What is an SOI?
This topic explains how server object interceptors work and compares the differences between server object extensions (SOEs) and server object interceptors (SOIs).
What is a server object interceptor?
The following diagram illustrates how an SOI manages to intercept requests. Depending on the business needs, SOIs can choose to override or filter the incoming request, send it to ArcSOC for processing, and modify or filter the outgoing response before it's sent back to the client.
Due to the above mechanism, SOIs can integrate custom business logic into existing service functions, such as security control, fine-grained user access control, or auditing requirements that are not fulfilled by the default map service, for example:
Auditing and notification
For auditing purposes, you can create SOIs to log detailed information about incoming requests and logged-in users, such as input request parameters and user identities. In addition, you can notify the client applications if invalid or abnormal map service operation occurs.
Fine-grained user access control
Since SOIs can obtain the identity of the logged-in user, you can develop SOIs to restrict user access to different resources of the service, both on the service operation level and the data level. For example, SOIs can be used to restrict edit operation support for certain users while granting edit support for another set of users in the same feature service. Another example of data level control is implementing an SOI to hide certain layers, fields, or records for certain users while showing them to other users in the same map service. As this customization happens on the server side, this logic will never be exposed to the client.
By default, ArcGIS Server and ArcGIS Enterprise only support enabling service operations and data access for all users in user roles or user groups. If your organization needs customized fine-grained user access control, you may consider developing SOIs.
Data filtering, enrichment, and validation
SOIs can be used to filter certain information before the response is passed to the client. The filtering criteria can be based on logged-in user information, data attributes, or spatial analysis. SOIs can also enrich the service by pulling an external data source to integrate into the service response. A typical use case is to add related data from an external database to a map service query result. This enriched result will also be reflected at client applications, such as Map Viewer pop-ups.
Another common data enrichment workflow is that SOIs can superimpose a custom watermark on map images exported by map services. In this way, organizations or hosting companies can ensure proper branding when their map services are displayed or printed by end users.
You can develop SOIs to validate requests and responses. If the SOI detects incorrect parameters in the request, such as an invalid track ID in apply edits operation, it can either override the request with a valid ID or send an error message with detailed explanations on the validation failure.
Do I need SOEs or SOIs?
Since both server object extensions (SOEs) and server object interceptors (SOIs) are server customizations developed by ArcGIS Enterprise SDK, which should we develop and when do we need them?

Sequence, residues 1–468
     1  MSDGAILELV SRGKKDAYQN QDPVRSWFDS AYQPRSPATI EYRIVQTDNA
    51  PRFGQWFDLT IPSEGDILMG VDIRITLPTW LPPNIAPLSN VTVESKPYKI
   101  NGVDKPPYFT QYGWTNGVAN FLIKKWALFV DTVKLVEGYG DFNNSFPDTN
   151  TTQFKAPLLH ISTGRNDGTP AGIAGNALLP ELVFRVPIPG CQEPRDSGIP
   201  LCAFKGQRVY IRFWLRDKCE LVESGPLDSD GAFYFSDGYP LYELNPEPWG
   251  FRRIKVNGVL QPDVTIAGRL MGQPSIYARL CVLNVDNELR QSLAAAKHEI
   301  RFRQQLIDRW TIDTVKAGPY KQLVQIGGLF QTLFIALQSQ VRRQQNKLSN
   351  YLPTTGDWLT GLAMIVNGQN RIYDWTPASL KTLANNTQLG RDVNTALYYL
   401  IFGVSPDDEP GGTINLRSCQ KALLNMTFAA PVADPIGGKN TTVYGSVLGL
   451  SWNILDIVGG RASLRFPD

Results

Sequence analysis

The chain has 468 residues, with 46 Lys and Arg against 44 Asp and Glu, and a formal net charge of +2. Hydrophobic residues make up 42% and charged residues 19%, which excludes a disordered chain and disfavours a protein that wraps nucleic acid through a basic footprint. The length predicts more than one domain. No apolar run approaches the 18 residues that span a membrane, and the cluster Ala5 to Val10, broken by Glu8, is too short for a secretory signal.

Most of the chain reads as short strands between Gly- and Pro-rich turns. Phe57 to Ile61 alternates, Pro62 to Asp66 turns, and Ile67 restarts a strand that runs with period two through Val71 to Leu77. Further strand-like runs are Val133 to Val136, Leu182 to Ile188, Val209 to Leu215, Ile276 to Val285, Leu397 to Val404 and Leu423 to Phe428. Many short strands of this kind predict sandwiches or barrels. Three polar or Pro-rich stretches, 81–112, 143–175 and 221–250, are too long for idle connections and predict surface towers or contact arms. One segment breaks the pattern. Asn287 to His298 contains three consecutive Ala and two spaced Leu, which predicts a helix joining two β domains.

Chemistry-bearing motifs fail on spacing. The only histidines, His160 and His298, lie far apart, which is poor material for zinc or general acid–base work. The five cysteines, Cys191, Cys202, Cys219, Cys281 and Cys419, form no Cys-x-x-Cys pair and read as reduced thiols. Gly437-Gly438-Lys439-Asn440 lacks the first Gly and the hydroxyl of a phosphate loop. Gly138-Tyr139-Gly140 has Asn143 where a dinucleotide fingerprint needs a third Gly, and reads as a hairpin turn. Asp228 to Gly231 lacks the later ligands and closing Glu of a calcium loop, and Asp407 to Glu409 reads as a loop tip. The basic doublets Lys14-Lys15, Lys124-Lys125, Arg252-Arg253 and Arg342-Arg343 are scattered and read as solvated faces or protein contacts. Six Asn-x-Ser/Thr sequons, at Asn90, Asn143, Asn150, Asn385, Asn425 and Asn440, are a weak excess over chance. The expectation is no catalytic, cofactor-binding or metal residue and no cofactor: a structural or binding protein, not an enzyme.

In terms of SOEs, they will generate new operations of a map service. New service endpoints will be created and reached by the client applications. To implement the new operation, SOI developers need to design the input parameters that the operation accepts and the output response. Accordingly, client application developers also need to customize their solutions to prepare valid requests for the new endpoint. Certain client applications, such as ArcMap, Collector for ArcGIS, and ArcGIS Online Map Viewer, will not be able to leverage the new operations. SOEs support both REST and SOAP requests.
If your workflow doesn't rely on built-in operations, or there is no need to alter them, and you have your own custom client applications to consume the new operation, an SOE may be your choice. However, as the SOE operations are synchronous, if your custom operation involves heavy tasks that cause long execution time, you may consider an asynchronous geoprocessing service published from ModelBuilder or Python scripts.
Unlike SOEs, SOIs do not generate new service operations and only customize built-in service operations. They are designed to change the behaviors of existing operations of a map service (including map service extensions, such as feature service, WMS service, and so on) through preprocessing and postprocessing. For example, you can change the behavior of a query or apply edits request. An SOI supports all the REST, SOAP, and OGC requests that come through a service. Also, if you want to accomplish one or more tasks using a series of SOIs, you can chain multiple SOIs together on the same service in the order that they will be executed.
If your workflow involves overriding existing service operations and seamlessly consuming the service by various clients, you may consider an SOI.
The following table compares functionalities of SOEs and SOIs:
Both developing SOEs and SOIs require knowledge of web development, ArcGIS Enterprise or ArcGIS Server management, ArcGIS developer tools, and programming languages such as Java, or a .NET-based language such as C#. Before you invest development efforts on SOEs or SOIs, consider whether there are any built-in solutions available, and whether this is the functionality you need.